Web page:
While the current US presidential election has been described as unprecedented, and even downright bizarre, the country’s economic performance leading up to and immediately after Election Day is likely typical of previous presidential election years.
Dun & Bradstreet recently looked at key economic metrics from 1992 to the present during the final three months of presidential election and nonpresidential election years. D&B also examined what happened when one political party lost power and was replaced by a rival party.
Key Metrics Exhibit Seasonal Weakness for Consumers and Businesses
Historically, consumers tend to spend less and businesses invest less when elements of uncertainty exist — political uncertainty is no different. Since 1992, according to the University of Michigan’s Consumer Sentiment Survey, the consumer on average has recorded only slight improvement in overall sentiment (both current and future expectations) during an election year, rising sequentially on average by only half (0.3%) when compared to a nonpresidential-election year (0.6%). In addition, during years when a newly elected official was a member of a different political party, weakness was more pronounced and declines were recorded. (See Chart 1).
Traditionally, consumer sentiment indicates current spend as well as future intentions of the consumer. If sentiment is historically weaker or weakening, then we can expect weakness to show up in private consumption (nearly 70% of US GDP). Measures of spend such as total retail sales on average declined 0.1% during Q4 from Q3 in an election year, compared to a robust average increase of 1.4% during the same period of a nonelection year, as seen in Chart 2. While an election can be an exciting time, US consumers tend to delay purchases — whether glued to the TV during the fall or because of uncertainty — and to forego consumption. Looking at the detail beyond the headline, more expensive purchases of motor vehicles, furniture, and appliances are even weaker than less expensive purchases for clothing as consumers tend to “push off” major purchases.
The supply side of the US economy traditionally remains weak as well. Businesses tend to delay hiring and investment during Q4 of a presidential election year. Both nonfarm hiring and real private nonresidential fixed investment remain weaker when compared to nonelection years, as seen in both Chart 3 and Chart 4. Again, weakness is more pronounced after the election when a change in the affiliated party of the presidency takes place.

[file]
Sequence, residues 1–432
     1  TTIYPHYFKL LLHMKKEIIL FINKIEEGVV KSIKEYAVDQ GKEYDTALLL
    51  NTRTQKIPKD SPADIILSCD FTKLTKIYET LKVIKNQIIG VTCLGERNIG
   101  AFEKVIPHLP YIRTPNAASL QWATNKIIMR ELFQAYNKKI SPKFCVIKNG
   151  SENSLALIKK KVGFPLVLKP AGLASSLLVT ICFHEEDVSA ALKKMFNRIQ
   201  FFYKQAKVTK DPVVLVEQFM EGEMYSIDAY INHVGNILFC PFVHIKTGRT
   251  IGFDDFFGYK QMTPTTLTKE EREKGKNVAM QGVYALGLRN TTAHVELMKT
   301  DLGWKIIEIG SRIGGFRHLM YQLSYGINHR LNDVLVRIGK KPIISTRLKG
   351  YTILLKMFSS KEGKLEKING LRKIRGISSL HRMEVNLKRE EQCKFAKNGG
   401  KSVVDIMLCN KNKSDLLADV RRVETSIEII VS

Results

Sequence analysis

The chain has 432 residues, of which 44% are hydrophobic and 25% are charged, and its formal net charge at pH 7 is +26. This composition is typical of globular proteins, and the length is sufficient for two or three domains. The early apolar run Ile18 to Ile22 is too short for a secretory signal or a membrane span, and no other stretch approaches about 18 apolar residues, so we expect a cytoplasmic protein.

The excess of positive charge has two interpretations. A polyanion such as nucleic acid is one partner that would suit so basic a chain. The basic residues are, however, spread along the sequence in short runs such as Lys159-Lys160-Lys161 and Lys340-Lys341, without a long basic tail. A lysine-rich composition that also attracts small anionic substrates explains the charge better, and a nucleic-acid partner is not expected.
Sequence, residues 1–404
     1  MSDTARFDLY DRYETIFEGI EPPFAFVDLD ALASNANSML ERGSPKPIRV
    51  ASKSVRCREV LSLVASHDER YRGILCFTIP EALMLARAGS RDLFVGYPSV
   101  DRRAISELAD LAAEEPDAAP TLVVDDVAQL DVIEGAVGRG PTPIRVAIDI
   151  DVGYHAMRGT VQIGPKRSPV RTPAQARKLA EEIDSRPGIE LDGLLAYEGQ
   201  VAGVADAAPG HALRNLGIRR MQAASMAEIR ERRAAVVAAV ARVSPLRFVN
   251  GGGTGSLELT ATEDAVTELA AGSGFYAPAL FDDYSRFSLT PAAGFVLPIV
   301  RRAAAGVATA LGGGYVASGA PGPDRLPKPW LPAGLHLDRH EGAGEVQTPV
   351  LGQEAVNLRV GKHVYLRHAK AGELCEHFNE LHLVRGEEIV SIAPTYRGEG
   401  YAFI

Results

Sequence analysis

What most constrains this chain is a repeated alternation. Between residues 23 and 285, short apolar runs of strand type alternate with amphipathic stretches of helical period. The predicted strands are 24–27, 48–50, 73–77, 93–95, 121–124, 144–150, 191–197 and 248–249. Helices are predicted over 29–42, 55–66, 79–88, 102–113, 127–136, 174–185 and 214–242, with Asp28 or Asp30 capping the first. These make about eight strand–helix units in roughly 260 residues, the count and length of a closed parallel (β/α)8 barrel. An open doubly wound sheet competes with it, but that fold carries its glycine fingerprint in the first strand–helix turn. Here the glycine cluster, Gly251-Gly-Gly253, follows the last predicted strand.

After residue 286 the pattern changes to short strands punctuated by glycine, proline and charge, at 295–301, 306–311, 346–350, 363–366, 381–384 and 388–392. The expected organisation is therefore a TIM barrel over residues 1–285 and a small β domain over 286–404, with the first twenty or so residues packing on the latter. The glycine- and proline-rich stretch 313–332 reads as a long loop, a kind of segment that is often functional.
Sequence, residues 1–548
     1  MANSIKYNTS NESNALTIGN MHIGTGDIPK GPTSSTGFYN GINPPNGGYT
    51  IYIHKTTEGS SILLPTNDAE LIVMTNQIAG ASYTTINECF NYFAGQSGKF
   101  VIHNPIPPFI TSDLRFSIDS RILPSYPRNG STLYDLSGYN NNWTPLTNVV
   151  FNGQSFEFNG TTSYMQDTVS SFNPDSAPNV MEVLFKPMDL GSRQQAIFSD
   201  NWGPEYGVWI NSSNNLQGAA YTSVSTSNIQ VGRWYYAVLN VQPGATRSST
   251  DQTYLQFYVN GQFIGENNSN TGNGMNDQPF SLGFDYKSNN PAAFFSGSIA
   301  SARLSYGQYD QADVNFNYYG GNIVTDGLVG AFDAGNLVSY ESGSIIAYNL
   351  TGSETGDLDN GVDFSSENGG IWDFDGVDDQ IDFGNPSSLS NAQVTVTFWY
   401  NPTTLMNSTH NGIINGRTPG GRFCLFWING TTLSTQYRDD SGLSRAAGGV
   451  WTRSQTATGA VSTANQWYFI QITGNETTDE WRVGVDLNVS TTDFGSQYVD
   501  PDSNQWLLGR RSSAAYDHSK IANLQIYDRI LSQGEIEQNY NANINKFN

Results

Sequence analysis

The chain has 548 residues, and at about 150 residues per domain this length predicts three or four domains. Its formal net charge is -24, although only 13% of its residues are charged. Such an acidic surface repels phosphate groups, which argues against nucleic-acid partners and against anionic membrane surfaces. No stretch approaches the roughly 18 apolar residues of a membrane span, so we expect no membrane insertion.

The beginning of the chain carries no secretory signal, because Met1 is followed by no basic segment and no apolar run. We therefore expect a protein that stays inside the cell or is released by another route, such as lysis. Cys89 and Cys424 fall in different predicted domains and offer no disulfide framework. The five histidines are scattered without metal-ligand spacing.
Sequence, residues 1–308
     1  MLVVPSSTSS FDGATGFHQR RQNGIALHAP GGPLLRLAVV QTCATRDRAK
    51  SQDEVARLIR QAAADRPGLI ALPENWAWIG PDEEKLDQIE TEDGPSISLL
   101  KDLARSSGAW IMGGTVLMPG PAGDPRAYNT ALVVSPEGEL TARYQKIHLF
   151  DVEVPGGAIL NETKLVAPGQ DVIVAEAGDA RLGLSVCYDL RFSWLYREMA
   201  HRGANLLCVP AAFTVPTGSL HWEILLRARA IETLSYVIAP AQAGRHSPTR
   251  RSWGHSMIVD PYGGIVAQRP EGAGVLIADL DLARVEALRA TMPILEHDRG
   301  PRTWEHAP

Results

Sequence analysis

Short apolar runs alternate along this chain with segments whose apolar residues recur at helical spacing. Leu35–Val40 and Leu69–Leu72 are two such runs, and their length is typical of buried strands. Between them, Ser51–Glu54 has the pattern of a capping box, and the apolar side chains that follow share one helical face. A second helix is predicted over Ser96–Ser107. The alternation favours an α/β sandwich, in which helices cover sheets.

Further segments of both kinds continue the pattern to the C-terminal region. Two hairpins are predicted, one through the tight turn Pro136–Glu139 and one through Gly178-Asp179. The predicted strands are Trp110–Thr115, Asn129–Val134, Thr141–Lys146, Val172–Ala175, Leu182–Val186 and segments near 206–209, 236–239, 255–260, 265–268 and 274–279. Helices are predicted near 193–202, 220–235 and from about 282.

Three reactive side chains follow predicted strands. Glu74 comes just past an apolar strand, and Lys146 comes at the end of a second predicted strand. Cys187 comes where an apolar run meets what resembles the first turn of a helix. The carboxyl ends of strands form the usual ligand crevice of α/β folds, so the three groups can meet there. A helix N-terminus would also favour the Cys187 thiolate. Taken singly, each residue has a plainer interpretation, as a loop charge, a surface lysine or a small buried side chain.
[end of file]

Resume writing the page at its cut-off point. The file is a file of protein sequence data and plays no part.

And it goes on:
While we expect elements of Q4 growth to be hamstrung by uncertainty surrounding the political outlook once the election has been decided, most of the major metrics on average rebounded or accelerated during the first three months of the following year, excluding 2009, when the US was in the throes of the global financial crisis.
Given the pattern of historical data, businesses that rely on US consumer spending for growth should expect weaker than normal spending during the final quarter of 2016. Specific segments that will likely be affected include retail, with deeper negative impacts being recorded among motor vehicles and parts dealers as well as home furnishing and appliance stores. In addition, firms that rely upon business investment for growth including verticals such as information technology or companies that provide business services such as employee payroll services may experience a quarter of weaker than normal activity, given likely delays to business spending and hiring. Keep in mind, though, that growth should pick up once the election is over.
Additional uncertainties remain, particularly regarding whether the unpopularity of each candidate could factor into the severity of the expected slump among key metrics. Continuity — meaning a win by the Democratic Party nominee — has historically provided a better economic outcome because more certainty remains a cornerstone of economic growth.
Adam Morehouse is a Macro Analytic Consultant on D&B’s Global Data, Insight & Analytics team. He covers parts of the Asia/Pacific region as a contributor to D&B Macro Market/Country Insight Products. He also contributes to D&B’s monthly economic tracker, adding both commentary and analysis. Adam holds a BBA in finance from James Madison University in Harrisonburg, Virginia, and an MBA in financial management from Pace University in New York City.